17 2-17 biological/agricultural sciences, social/behavioral sciences, and engineering. Between 1% and 3% intended to major in physical sciences, computer sciences, and mathematics/statistics (appendix table 2-12). In 21, about one in three white, black, and Hispanic freshmen; 28% of American Indian/Alaska Native freshmen; and 49% of Asian American/Asian freshmen reported that they intended to major in S&E (figure 2-6). The proportions planning to major in S&E were higher for men than for women in every racial/ethnic group (appendix table 2-12). For most racial/ethnic groups, about 1% 16% planned to major in social/behavioral sciences, about 6% 15% in engineering, about 9% 18% in biological/agricultural sciences, 2% 3% in computer sciences, 2% 3% in physical sciences, and 1% in mathematics or statistics. Higher proportions of Asian American/Asian freshmen than of those from other racial/ethnic groups p lanned to major in biological/agricultural sciences (18%) and engineering (15%). The percentage of all freshmen intending to major in computer sciences has dropped in recent years, whereas the percentage intending to major in biological/agricultural sciences has increased. (See appendix table 2-19 and the section on S&E Bachelor s Degrees for trends in bachelor s degrees.) Generally, the percentages of students earning bachelor s degrees in particular S&E fields are similar to the percentages planning to major in those fields, with the exception of engineering and social/behavioral sciences. (See section on Persistence and Retention in Undergraduate Education and S&E. ) The percentage of students earning bachelor s degrees in engineering is smaller than the percentage planning to major in it for men and women as well as for all ethnic/ racial groups, but the difference is larger for blacks (figures 2-7 and 2-8). The percentage earning bachelor s degrees in Figure 2-7 Engineering: Freshmen intentions and degrees, by sex Percent Intentions Degrees Total Male Female NOTES: Data for freshmen intentions are for 23; data for degrees are for 29. Degrees do not reflect the same student cohort. SOURCES: Higher Education Research Institute, University of California at Los Angeles, Survey of the American Freshman: National Norms, special tabulations (211); National Center for Education Statistics, Integrated Postsecondary Education Data System, Completions Survey; and National Science Foundation, National Center for Science and Engineering Statistics, WebCASPAR database, See appendix tables 2-12 and Figure 2-6 Freshmen intending S&E major, by race/ethnicity: Percent Figure 2-8 Engineering: Freshmen intentions and degrees, by race/ethnicity Percent Intentions Degrees Asian American/Asian Hispanic/Latino White/Caucasian African American/Black American Indian/Alaska Native NOTES: In 21 Native Hawaiian/Pacific Islander was added as a category under Asian American/Asian. SOURCE: Higher Education Research Institute, University of California at Los Angeles, Survey of the American Freshman: National Norms, special tabulations (211). See appendix table White/ Caucasian Asian American/ Asian African American/ Black Hispanic/ Latino NOTES: Data for freshmen intentions are for 23; data for degrees are for 29. Degrees do not reflect the same student cohort. Asian American/Asian includes Native Hawaiian/Pacific Islander. SOURCES: Higher Education Research Institute, University of California at Los Angeles, Survey of the American Freshman: National Norms, special tabulations (211); National Center for Education Statistics, Integrated Postsecondary Education Data System, Completions Survey; and National Science Foundation, National Center for Science and Engineering Statistics, WebCASPAR database, nsf.gov. See appendix tables 2-12 and 2-19.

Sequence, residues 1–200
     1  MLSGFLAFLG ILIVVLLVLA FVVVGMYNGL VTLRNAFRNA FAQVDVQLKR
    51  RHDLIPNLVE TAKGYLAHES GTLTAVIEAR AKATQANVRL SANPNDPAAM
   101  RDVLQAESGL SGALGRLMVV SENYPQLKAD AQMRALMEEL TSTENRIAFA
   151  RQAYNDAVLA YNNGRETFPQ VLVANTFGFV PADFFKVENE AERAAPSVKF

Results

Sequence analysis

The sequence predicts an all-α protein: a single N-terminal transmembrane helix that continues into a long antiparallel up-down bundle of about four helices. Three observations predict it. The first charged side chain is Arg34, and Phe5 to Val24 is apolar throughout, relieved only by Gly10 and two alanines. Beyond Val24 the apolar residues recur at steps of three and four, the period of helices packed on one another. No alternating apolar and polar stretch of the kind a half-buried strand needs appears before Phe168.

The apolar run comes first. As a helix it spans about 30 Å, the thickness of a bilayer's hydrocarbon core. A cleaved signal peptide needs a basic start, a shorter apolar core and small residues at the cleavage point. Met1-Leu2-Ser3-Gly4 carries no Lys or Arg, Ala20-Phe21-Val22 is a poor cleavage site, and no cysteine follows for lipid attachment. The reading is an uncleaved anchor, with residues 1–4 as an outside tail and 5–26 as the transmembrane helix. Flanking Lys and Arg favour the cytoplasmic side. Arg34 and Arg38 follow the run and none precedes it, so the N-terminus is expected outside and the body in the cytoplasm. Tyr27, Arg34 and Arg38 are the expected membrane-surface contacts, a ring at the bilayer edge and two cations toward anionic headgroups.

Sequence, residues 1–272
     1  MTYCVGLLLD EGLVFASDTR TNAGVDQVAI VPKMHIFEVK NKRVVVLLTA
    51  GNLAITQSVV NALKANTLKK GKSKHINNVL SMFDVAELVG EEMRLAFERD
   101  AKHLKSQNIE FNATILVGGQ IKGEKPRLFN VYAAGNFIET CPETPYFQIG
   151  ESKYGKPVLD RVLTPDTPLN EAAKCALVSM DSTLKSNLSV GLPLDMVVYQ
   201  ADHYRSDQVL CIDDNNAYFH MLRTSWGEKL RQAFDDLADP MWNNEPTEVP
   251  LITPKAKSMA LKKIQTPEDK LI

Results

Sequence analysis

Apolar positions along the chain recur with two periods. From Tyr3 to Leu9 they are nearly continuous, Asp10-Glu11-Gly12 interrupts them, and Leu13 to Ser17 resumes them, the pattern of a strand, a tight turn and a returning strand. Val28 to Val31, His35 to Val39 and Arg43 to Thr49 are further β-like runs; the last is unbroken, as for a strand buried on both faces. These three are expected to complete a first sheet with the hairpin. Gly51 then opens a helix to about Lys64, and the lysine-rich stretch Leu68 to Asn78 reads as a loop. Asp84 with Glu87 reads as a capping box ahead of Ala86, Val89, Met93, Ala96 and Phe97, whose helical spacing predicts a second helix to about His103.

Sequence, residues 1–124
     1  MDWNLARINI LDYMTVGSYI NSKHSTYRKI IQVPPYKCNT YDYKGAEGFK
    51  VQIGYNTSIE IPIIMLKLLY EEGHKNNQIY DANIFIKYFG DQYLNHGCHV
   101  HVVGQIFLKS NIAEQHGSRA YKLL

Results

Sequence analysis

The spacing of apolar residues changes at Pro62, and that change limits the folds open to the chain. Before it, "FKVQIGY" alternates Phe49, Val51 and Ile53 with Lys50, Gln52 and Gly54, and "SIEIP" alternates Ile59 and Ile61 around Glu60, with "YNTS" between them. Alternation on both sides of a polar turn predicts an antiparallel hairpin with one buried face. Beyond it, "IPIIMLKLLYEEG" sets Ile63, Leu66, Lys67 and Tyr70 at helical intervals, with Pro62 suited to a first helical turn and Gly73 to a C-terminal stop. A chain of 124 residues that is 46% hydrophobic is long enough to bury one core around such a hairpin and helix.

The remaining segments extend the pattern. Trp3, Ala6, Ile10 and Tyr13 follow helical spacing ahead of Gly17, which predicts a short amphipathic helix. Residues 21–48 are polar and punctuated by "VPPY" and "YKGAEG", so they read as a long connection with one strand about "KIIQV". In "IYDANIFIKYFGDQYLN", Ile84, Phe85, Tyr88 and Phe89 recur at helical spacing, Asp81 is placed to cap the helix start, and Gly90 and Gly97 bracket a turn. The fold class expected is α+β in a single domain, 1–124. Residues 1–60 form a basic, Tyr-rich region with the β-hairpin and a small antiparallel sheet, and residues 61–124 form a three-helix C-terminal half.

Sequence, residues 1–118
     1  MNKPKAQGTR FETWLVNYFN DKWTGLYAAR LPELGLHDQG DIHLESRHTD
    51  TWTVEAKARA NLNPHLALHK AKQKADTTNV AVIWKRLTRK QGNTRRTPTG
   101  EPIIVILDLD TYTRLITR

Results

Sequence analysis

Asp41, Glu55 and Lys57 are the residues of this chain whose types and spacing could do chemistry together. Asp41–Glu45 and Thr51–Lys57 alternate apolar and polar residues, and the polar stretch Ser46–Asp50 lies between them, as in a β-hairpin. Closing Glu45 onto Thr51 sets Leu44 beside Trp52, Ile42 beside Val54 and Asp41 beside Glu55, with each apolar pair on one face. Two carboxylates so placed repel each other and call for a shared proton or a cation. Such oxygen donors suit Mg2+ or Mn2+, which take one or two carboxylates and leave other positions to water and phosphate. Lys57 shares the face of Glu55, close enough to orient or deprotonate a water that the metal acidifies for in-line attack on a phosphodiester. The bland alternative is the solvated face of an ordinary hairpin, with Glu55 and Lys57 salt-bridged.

18 2-18 Chapter 2. Higher Education in Science and Engineering social/behavioral sciences is larger than previous years percentages planning to major in those fields. The proportion earning bachelor s degrees in the natural sciences is smaller than the proportion planning to major in these fields for women, blacks, and Hispanics (figures 2-9 and 2-1). The demographic composition of students planning to major in S&E has become more diverse over time. The proportion of white students planning to major in S&E declined from 77% in 1995 to 71% in 21. On the other hand, the proportion of Asian American/Asian students increased from 7% to 12% and the proportion of Hispanic students increased from 5% to 13%. American Indian/Alaska Native and black students accounted for roughly 2% and 11%, respectively, of freshmen intending to major in S&E in both 1995 and 21 (appendix table 2-13). Foreign Undergraduate Enrollment. 12 In the 29 1 academic year, the number of foreign students enrolled in bachelor s degree programs in U.S. academic institutions rose 5% from the previous year, to approximately 26, (IIE 21). This continues a 3-year trend in which foreign student enrollment has risen after a 4-year decline (between the 21 2 and 25 6 academic years). The number of foreign undergraduates enrolled in 29 1 was 5% above the peak in Among new foreign undergraduates, enrollment decreased 3% in 29 1, the first decline in 5 years following a 2% increase in The countries that accounted for the largest numbers of foreign undergraduates enrolled in a U.S. institution in 29 1 were China (almost 4,), South Korea (36,2), India Figure 2-9 Natural sciences: Freshmen intentions and degrees, by sex Percent Intentions Degrees Total Male Female NOTES: Data for freshmen intentions are for 23; data for degrees are for 29. Degrees do not reflect the same student cohort. SOURCES: Higher Education Research Institute, University of California at Los Angeles, Survey of the American Freshman: National Norms, special tabulations (211); National Center for Education Statistics, Integrated Postsecondary Education Data System, Completions Survey; and National Science Foundation, National Center for Science and Engineering Statistics, WebCASPAR database, nsf.gov. See appendix tables 2-12 and Figure 2-1 Natural sciences: Freshmen intentions and degrees, by race/ethnicity Percent White/ Caucasian Asian American/ Asian Intentions African American/ Black Degrees Hispanic/ Latino NOTES: Data for freshmen intentions are for 23; data for degrees are for 29. Degrees do not reflect the same student cohort. Asian American/Asian includes Native Hawaiian/ Pacific Islander. SOURCES: Higher Education Research Institute, University of California at Los Angeles, Survey of the American Freshman: National Norms, special tabulations (211); National Center for Education Statistics, Integrated Postsecondary Education Data System, Completions Survey; and National Science Foundation, National Center for Science and Engineering Statistics, WebCASPAR database, See appendix tables 2-12 and (15,2), Canada (13,6), and Japan (13,1). The number of Chinese undergraduates increased 52% over the previous year, and the numbers of South Korean and Indian undergraduates decreased 2% and 3% respectively. Among all foreign students (undergraduate and graduate) in 29 1, the number of those studying agricultural sciences increased 15%; engineering, 7%; and mathematics and computer sciences, 8%. The physical and life sciences decreased 1% compared with the preceding year (IIE 21). More recent data from the Bureau of Citizenship and Immigration Services show a 7% increase in undergraduate enrollment of S&E foreign students in the U.S. from November 29 to November 21, mostly in engineering, social sciences, and mathematics. China, South Korea, Canada, Japan, and India were among the top countries sending foreign undergraduates in fall 21, and were also among the top countries sending foreign S&E undergraduates (figure 2-11; appendix table 2-14). Although Nepal and Saudi Arabia sent comparatively fewer total undergraduates, they were also among the top countries sending foreign undergraduates in S&E fields more than Canada and Japan. About one-third of all foreign students in undergraduate programs at U.S. institutions are enrolled in S&E fields. 13 Undergraduate foreign enrollment in S&E has increased each year between 26 and 21, while growth in non-s&e fields has slowed down (table 2-7).